If you’re one of the lucky ones, you have more money than you need to support your lifestyle in retirement. But for most of us, finding a way to earn extra money in retirement could really help. It might mean the difference between struggling to pay the bills and having enough to live comfortably.
Instead of trying to find a job after retirement, consider using your skills and talents to start a new home-based business that can bring in far more per hour than most jobs.
Put aside the fear that starting a business after 55 can be risky and costly. If you pick a low-cost sideline business, the risk of failure is extremely low. In addition, each of the sideline business listed below can be started for under $2,000. Here are 8 low-risk, low cost part-time businesses to consider:
1. Love to shop?
Why not earn extra money in retirement and do what you enjoy using your shopping skills for others. Customers could be folks like working professionals, those too busy to shop and those who are unable to do their own shopping, such as homebound seniors or the disabled.
Corporations also hire personal shoppers to buy gifts for prospects, customers and employees, or items for special corporate events. Decorators and collectors often use personal shoppers to search for collectibles, antiques and unique decor at garage and estate sales, consignment shops and flea markets.
By far the biggest steady source of repeat income for most personal shoppers is helping seniors and others who are homebound to purchase everyday essentials like groceries, clothing or other personal products. For those folks, a personal shopper can be a lifeline to the outside world.
In most cases, no experience is required, other than common sense and the ability to stay organized. And of course, you should love to shop! Personal shoppers who focus on high-end customers such as corporations can make six-figure incomes. Most personal shoppers average around $25 to $30 an hour.
To learn more about shopping for seniors, visit www.seniorservicebusiness.com, and check out “How to Start a Profitable Senior Concierge Business” For more about becoming a grocery shopper,visit www.groceryshoppingbusiness.com
2. Pet Photography.
If you enjoy photography and love animals, a pet photography business could be your ticket to a good income doing what you love. You can set up a home studio or go mobile, even schedule events at pet shops.
Pet owners love their pets, whether they are dogs, cats, horses, birds, even reptiles, and are willing to pay top dollar for professional photos of their pets. Pet photographers can get creative with costumes and backdrops to make each photo unique and valuable. Many pet photographers also offer video recording services that can include background music and titles. Pet photos can also be applied to greeting cards, calendars, mugs or t-shirts for bonus income.
Most photographers already have the basic equipment to offer this service, so start-up costs can be quite reasonable. Although some photographers charge by the hour, a package price can usually bring in higher fees.
You’ll find dozens of “how-to” books on pet photography at Amazon.com, including “How To Start a Pet Photography Business.”
3. Sew What?
From canvas covers for boats to clothing alterations, there’s money to be made with your sewing machine. With a home-based sewing and alterations service, you can work as much or as little as you want. Some specialize, like two in our seaside town who do marine canvas projects that might protect “brightwork” from the sun’s rays to boat privacy shades. They both currently charge over $50 an hour, and have all the work they can handle.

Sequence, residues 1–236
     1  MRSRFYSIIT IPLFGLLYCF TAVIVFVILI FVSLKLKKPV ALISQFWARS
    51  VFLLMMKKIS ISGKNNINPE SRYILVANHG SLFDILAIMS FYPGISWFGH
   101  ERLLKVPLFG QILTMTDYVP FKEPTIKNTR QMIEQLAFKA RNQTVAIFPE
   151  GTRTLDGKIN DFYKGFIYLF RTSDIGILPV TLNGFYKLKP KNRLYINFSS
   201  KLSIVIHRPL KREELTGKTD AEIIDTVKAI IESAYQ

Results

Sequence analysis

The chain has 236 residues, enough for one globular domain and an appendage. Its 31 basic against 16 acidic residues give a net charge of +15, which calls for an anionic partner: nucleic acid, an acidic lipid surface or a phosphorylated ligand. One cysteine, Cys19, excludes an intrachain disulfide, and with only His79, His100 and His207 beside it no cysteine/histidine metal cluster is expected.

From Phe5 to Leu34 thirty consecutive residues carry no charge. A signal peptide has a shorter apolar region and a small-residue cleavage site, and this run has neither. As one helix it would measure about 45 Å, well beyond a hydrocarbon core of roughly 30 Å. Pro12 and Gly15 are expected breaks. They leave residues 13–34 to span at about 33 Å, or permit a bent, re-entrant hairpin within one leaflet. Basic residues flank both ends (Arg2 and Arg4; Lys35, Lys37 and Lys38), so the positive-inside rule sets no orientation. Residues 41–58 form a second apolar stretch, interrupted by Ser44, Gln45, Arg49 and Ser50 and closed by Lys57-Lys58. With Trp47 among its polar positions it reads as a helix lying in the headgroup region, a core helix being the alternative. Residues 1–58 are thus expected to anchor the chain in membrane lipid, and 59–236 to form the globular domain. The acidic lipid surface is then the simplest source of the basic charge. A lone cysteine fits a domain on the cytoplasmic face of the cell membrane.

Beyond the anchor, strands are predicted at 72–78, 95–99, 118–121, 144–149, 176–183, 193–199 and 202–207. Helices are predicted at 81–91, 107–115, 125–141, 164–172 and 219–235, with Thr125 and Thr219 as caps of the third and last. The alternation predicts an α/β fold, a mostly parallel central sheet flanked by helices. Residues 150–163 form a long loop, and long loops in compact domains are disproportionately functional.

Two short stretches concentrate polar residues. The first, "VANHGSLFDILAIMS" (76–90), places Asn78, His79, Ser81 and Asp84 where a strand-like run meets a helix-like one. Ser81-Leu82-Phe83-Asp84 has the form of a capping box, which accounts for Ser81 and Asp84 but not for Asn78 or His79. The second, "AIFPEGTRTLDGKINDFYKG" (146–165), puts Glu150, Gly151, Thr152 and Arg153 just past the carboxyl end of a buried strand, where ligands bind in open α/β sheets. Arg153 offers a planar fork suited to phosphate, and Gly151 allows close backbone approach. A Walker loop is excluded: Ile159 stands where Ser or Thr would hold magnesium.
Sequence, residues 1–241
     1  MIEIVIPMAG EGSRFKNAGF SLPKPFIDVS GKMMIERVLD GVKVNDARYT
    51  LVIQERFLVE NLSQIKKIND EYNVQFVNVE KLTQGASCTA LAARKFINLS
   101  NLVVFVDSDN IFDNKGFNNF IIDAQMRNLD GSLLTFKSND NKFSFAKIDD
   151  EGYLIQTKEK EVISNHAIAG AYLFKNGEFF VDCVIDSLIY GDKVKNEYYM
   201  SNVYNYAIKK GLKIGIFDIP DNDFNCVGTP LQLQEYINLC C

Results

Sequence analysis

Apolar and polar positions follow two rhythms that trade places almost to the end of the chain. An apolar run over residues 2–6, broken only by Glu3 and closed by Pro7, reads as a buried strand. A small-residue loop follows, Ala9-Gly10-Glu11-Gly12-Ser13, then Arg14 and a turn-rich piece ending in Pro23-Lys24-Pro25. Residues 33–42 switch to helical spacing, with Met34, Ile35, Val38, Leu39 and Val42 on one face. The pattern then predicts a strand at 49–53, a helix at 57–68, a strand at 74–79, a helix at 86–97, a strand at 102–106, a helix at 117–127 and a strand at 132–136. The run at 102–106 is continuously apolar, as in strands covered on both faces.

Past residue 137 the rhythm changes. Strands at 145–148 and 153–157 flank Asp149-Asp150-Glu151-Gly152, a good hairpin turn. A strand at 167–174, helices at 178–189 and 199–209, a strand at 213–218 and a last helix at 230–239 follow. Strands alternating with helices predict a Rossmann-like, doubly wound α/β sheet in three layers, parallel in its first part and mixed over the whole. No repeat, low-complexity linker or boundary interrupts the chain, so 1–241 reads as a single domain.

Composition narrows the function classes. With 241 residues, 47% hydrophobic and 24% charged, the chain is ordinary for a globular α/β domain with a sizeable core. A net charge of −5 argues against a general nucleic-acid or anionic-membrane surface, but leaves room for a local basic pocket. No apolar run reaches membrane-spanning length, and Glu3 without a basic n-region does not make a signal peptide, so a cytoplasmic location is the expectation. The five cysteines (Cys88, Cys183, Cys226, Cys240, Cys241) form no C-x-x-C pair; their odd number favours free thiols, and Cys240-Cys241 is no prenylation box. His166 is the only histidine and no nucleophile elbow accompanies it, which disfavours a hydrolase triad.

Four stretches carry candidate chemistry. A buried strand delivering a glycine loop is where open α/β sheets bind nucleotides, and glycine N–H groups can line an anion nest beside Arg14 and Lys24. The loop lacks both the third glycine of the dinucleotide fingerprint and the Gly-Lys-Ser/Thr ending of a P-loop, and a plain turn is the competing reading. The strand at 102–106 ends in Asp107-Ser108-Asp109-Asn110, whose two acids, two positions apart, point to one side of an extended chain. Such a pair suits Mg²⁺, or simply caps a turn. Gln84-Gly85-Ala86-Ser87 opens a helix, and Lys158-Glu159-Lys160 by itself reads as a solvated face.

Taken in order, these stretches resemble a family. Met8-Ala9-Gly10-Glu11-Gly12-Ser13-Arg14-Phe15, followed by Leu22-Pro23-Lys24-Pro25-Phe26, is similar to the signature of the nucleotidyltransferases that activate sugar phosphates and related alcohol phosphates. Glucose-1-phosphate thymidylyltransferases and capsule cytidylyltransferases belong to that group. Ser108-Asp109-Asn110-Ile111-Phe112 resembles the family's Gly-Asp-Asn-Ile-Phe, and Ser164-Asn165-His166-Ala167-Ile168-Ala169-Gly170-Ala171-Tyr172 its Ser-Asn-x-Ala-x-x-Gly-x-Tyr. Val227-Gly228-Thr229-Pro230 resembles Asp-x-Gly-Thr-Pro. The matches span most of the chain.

Customers for a home-based sewing and alteration business include clothing and uniform retailers, bridal and costume shops, consignment and clothing shops, marine retailers and individuals. As men and women age, they tend to put on a few extra pounds. When that happens, those favorite pants or dresses need to be altered, often more than once. That can be a good source of steady income for your sewing skills.
Many creative stitchers fabricate their own products, from purses to vests, selling them at local craft fairs and online at venues like Etsy. One enterprising stitcher specializes in felt covers for laptops, iPads and tablets, and brings in over $8,000 a month!
Starting a home-based sewing and alteration business is not expensive,and is a great way to earn extra money in retirement. Even if you plan to do heavy-duty sewing, such as canvas or upholstery, a new or used Singer or Juki industrial sewing machine can be purchased for as little as $500. To learn the basics of how to start your own sewing business, visit Amazon.com, where you’ll find dozens of books on the topic.
4. Pet Sitting.
Americans are spending more and more each year on their pets, and most want the best for their four-legged family members. Pet sitters are part of a pet owner’s “extended family,” ready to pitch in when the owners must be away for a day, a week or longer. Pet sitting has grown from an unknown career to a mainstream occupation today.
In the past, pet owners had to send their pets to a kennel or find a willing friend or relative. Today, with the help of a pet sitter, pets can stay in the familiar and secure surroundings of their own home. No stressful encounters with strange dogs or cats, no risk of exposure to illnesses, and lots of TLC from their visiting pet sitter. A bonus for pet owners – sitters can give a home a “lived-in” look during vacations by bringing mail, turning lights on and off and watering plants.